by Thorsten Wagner, Executive Director for Strategy and Academics
It is easy to sanctify policies or identities by the deaths of victims. It is less appealing, but morally more urgent, to understand the actions of the perpetrators. The moral danger, after all, is never that one might become a victim but that one might be a perpetrator or a bystander.1
Dear alumni, dear friends, and supporters of FASPE,
It is with a strong sense of gratitude and relief that we are able to present the 2022 FASPE Journal to you. Dramatic global as well as domestic events in the course of the last two years have had significant implications and consequences for our work, ranging from the COVID pandemic that made fellowships in Europe impossible in 2020 and 2021, to the murder of George Floyd and the subsequent higher awareness of the need for a reckoning with America’s racist past and present, to the current moment of Russia’s murderous war of aggression in the heart of Europe. The resolve to end this aggression and hold Putin’s regime accountable for its mass crimes in Ukraine will arguably be the ultimate ethical litmus test for the leaders of the West for the foreseeable future—including our legal professionals and business executives.
All the more, we are grateful that this summer we were able to take more than 80 fellows to Europe. The essays in this volume represent an impressive cross section of the thoughtful conversations and reflections engendered by this year’s fellowships in Germany and Poland. They are a powerful reminder of the importance of critical introspection and self-reflection, focusing on the fellows’ roles as future professionals and leaders. It is easy to lose sight of this dimension. Work conditions for young professionals, especially for women and people of color, are often challenging; the structural flaws of society and its systems of justice and medical care have only become ever more obvious. And, in both domestic and global contexts, the fight for social equity is even more urgent. It does not come as a surprise that there is a growing desire to become activists and advocates for social and racial justice.
Against this backdrop, it takes a very conscious decision—not only or primarily to focus on the necessity of systemic change but also on the agency, responsibility, and potential of the individual professional. What are my shortcomings, in what areas do I need to reflect on my ethos as a professional? Needless to say, the fellowships very much aim to foster and promote this process of professional formation and its ethical implications, embedding it in the context of historical experience and reflection. FASPE’s Academic Director, Eric Muller, has put it powerfully:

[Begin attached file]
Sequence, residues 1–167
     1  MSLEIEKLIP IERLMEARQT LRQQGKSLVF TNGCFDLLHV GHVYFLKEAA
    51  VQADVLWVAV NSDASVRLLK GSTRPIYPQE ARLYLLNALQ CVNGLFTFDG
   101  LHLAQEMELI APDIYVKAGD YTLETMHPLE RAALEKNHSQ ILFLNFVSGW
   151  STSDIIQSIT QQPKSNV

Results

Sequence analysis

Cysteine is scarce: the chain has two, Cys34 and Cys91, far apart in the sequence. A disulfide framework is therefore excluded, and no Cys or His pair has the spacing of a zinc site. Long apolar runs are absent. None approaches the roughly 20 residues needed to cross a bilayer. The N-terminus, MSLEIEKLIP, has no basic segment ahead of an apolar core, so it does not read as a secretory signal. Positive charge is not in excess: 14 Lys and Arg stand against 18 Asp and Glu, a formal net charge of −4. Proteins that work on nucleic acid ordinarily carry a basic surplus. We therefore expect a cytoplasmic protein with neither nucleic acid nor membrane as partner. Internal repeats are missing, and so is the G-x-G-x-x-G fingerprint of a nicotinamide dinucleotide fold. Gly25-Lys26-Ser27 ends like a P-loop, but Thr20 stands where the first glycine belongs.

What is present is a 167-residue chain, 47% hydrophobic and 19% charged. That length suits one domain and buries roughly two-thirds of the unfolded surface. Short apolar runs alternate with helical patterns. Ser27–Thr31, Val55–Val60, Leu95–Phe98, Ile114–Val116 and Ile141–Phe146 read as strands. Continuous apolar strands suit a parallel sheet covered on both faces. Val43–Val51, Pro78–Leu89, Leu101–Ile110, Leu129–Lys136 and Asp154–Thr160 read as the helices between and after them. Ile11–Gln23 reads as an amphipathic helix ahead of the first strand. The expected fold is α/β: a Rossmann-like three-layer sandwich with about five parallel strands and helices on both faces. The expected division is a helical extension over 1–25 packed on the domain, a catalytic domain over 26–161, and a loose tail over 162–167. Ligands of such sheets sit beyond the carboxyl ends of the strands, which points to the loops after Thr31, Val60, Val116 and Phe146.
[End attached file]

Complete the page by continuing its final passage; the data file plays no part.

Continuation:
When we take fellows to atrocity sites in Europe, we do this not just to honor the memory of the victims of those atrocities, but to present fellows with the chance to try a tough act of imagination. Can we look at professionals who used their skills to plan and support all the steps along the path to terrible ends and recognize in them something of ourselves? Can we look at what tempted them, what motivated them, what dulled their vision, and see some of our own temptations, motivations, and blinders? [FASPE is inviting the fellows to relate to] the professionals of the 1930s and 1940s, who, eagerly or reluctantly, devoted energy to developing and maintaining a system that had every reason to trouble them.
Karl Wallenkampf’s compelling reflection piece, “Mengele and Me,” is, as you will see, a remarkable example of exactly this endeavor. As Karl discusses the appreciation of the infamous SS doctor’s research by his contemporaries and explores what drove him, he comes to an unsettling conclusion: “It is this which disturbs me, the thin but real continuity of his motivations and mine. […] I consistently found the same themes again and again. I noticed points of agreement between their motivations and those in my personal statements for medical school and residency.”